“B.C. is leading the fight against invasive species,” said Premier Clark in a media statement. “To date, no zebra or quagga mussels have ever been detected in B.C.’s waterways — and we’re going to keep it that way. Eight more inspection stations are yet another tool towards ensuring we remain mussel-free.”

Quagga and zebra mussels pose a serious threat to B.C.’s aquatic ecosystems, salmon populations, hydro power stations and other infrastructure facilities. They can clog pipes, cause ecological and economic damage, displace native aquatic plants and wildlife, degrade the environment and affect drinking water quality.

The program will see five inspection stations set up along the B.C./Alberta border and three on the B.C./U.S. border. They come into operation on April 1.

Stakeholders had called for increased inspection to stave off infestations of invasive mussels, which can cause millions in damage. In this column in the Revelstoke Mountaineer, Columbia River–Revelstoke MLA Norm Macdonald called for more action.

Premier Christy Clark cleans a boat at a photo op on Mar. 30 announcing new invasive species boat inspection stations at the B.C. border. Photo: B.C. government image
Premier Christy Clark cleans a boat at a photo op on Mar. 30 announcing new invasive species boat inspection stations at the B.C. border. Photo: B.C. government image

In total, 32 conservation officers will work the stations, which will operate 10 hours a day, seven days a week from April through October. The provincial government said this represents an increase of 20 crew members from last year’s pilot and an additional six mobile decontamination units are being added to the fleet of equipment.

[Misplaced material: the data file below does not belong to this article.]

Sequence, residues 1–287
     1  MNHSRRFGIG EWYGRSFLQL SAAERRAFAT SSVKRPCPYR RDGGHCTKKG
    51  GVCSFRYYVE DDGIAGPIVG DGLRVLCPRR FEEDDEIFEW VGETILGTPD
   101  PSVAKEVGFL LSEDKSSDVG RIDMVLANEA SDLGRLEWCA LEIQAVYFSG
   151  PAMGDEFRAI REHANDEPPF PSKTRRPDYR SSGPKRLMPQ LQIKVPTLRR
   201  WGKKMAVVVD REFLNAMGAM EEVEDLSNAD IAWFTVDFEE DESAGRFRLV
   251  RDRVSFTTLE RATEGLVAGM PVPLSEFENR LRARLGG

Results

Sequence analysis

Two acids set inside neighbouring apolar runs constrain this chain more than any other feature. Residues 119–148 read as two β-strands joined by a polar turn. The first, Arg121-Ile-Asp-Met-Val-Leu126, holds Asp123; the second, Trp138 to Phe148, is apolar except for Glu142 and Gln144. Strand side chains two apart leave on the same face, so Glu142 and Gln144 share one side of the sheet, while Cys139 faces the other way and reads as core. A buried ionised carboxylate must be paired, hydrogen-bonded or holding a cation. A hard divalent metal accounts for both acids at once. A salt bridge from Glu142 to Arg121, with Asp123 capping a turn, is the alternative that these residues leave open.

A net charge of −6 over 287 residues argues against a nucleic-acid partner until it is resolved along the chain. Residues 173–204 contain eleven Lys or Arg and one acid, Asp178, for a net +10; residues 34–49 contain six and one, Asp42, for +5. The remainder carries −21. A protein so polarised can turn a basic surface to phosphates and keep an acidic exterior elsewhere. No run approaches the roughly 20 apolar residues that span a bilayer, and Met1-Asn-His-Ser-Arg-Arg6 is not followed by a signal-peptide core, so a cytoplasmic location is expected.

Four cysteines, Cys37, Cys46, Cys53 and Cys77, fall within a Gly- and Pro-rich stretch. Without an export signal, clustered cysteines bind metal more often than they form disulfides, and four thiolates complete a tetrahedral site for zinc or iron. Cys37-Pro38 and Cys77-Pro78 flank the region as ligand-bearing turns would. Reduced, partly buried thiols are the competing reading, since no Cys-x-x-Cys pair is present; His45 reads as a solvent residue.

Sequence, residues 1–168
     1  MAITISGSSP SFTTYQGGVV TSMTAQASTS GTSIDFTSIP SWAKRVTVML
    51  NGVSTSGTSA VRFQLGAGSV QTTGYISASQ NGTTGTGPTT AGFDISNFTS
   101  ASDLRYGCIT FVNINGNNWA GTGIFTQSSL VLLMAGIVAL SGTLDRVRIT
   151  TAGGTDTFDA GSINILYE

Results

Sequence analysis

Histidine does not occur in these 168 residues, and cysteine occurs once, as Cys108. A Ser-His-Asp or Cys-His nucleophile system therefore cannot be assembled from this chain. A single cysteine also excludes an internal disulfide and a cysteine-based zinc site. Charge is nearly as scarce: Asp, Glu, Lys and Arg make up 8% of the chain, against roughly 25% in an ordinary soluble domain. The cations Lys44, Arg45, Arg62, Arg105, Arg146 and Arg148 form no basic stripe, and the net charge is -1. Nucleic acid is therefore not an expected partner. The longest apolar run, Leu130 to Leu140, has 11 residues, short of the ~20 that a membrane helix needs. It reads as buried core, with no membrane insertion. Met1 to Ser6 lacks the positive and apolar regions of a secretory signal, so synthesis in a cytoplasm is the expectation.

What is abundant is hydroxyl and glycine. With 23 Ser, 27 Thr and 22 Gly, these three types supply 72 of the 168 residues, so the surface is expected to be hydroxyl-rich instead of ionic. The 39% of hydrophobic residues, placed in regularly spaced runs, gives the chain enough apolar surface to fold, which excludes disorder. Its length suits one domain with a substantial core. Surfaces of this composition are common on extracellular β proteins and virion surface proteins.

The eight inspection stations will have the capability to become mobile if the need arises, travelling to locations throughout B.C. where watercrafts are being detained, waiting for decontamination.

The program will also consist of:

  • Increased highway signage at permanent inspection station locations
  • Expanded monitoring for quagga and zebra mussels
  • Expanded Report All Poachers or Polluters response line coverage
  • Increased opportunities  to promote “Clean, Drain Dry” education and outreach activities

The new program is funded by BC Hydro, FortisBC, Columbia Power and the Columbia Basin Trust, who will add to the $2 million program. The Province is also contributing in kind with staff, equipment and office space.

“Invasive mussels are a concern to BC Hydro and we applaud the Province for taking strong measures to protect B.C.’s rivers and lakes,” said Mark Poweska, vice president, Generation BC Hydro. “BC Hydro is proud to support this initiative since invasive mussels have a detrimental impact on the environment and can impact our ability to produce power by plugging up pipes and equipment in our dams.”

The Invasive Mussel Defence pilot program was launched in 2015. During May-October 2015, over 4,300 boats were inspected, of which 70 were identified as coming from an invasive mussel infested province or state. Out of these 70 watercrafts, 34 required decontamination and 15 were confirmed to be transporting invasive mussels or their larvae. Six were issued a 30-day quarantine order due to risk of live mussels.

The public is encouraged to report mussel-affected boats/equipment to the B.C. Conservation Officer Service’s Report All Poachers and Polluters (RAPP) hotline at 1 877 952-7277.